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Russian Army Is About To Face One Of Its Biggest Challenges In Ukraine Yet

Russian Army Is About To Face One Of Its Biggest Challenges In Ukraine Yet

Freezing cold temperatures are set to cause trouble for Russian tanks that will feel like '40-ton iron freezers'

Arctic winds coupled with extremely cold temperatures could stop Russian military advances in their tracks, experts suggest. 

Over the next few days, freezing-cold air is set to combine with easterly winds across Russia and Ukraine, forcing temperatures to drop as low as -10C around Kyiv and the northern city of Kharkiv. 

Taking wind chill into account, forecasters believe it may feel as cold as -20C, meaning troops will be forced to sit in ‘40-ton iron freezers’ or abandon their tanks altogether. 

Analysts believe this bout of freezing cold weather could make Russia’s invasion harder, especially for troops stuck in a 40-mile column of stalled vehicles north of the Ukrainian capital. 


A Ukrainian military source told The Times: “It will affect those in the long-staying convoys; it means that Russian troops staying alongside the roads will be suffering.” 

Similarly, Major Kevin Price, who served in the British Army for 20 years, explained: “Minus 20C will degrade the Russian force, there is no question. It will improve cross-country mobility because there will be less mud but the Russians are not ready for Arctic conditions.” 

He also pointed out that without suitable clothing, the continuation of conflict would be ‘unbelievably tough’. 

The prospect of fuel shortages would also mean that soldiers could not run their engines to keep warm.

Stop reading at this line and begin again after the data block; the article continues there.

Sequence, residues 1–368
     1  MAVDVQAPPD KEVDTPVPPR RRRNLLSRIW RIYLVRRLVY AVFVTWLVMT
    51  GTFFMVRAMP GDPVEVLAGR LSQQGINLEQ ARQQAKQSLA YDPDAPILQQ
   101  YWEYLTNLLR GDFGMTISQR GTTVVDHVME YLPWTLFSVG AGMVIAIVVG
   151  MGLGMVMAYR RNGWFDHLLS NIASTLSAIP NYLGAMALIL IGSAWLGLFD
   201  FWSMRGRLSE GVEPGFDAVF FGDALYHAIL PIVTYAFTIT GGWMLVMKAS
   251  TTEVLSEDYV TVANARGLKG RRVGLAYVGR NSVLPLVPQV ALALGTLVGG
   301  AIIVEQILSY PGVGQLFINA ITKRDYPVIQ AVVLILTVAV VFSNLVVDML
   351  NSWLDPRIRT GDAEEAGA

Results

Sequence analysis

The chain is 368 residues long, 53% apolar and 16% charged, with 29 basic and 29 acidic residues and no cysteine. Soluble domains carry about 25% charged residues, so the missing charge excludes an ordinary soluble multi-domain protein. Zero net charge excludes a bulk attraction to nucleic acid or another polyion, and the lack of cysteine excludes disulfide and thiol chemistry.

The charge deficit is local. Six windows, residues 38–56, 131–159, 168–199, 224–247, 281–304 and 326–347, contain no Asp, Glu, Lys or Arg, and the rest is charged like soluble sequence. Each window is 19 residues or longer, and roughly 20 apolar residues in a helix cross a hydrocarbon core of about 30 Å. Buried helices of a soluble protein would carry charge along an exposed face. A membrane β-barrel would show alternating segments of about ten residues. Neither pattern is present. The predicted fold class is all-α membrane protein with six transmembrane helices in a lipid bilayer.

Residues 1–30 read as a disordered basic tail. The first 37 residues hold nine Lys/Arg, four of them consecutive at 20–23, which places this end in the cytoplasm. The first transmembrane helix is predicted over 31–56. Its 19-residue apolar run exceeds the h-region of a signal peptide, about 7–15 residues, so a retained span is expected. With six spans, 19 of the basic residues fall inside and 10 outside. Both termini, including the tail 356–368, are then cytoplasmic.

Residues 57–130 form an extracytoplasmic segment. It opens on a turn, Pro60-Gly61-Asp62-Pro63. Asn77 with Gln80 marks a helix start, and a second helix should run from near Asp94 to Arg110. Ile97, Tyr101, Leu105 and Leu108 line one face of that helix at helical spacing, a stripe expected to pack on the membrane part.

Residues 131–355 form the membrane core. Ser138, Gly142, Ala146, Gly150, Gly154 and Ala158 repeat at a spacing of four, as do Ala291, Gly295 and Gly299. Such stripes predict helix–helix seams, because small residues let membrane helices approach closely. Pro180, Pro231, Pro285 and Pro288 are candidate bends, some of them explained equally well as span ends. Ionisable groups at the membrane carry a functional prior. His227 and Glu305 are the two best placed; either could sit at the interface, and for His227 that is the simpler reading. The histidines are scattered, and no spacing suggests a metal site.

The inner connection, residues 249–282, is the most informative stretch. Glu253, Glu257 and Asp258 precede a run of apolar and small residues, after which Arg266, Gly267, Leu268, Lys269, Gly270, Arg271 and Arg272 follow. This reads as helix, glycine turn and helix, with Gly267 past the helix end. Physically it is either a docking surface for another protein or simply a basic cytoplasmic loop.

“Imagine being sat in a 40-ton iron freezer all night,” Price continued, adding that very low temperatures may affect vehicle performance without the addition of oils and lubricants. 

As well as damaging vehicles, Price believes freezing cold temperatures would further damage Russian morale and may even result in weather-related casualties. 


He said: “It’s not a decisive factor, but it is a very unwelcome development for Russian commanders.” 

Considering that the temperature is below average for this time of year, he believes Russian forces may be unprepared. 

Brigadier Ben Barry, senior fellow for land warfare at the International Institute for Strategic Studies in London, noted that bad weather would also affect Ukrainians. 

He said: “It will slow things down, but it will slow things down for both sides. The proportion of troops that start suffering cold injuries like frostbite will go up.” 

Possibly as a result of the troubling weather conditions, a Nato military official told CNN that Russia is making very little progress. 

The official said: “We see very little change. For the first time, we don’t expect them to make any gains in the next few days.” 

Featured Image Credit: Alamy

Topics: World News, Russia, Ukraine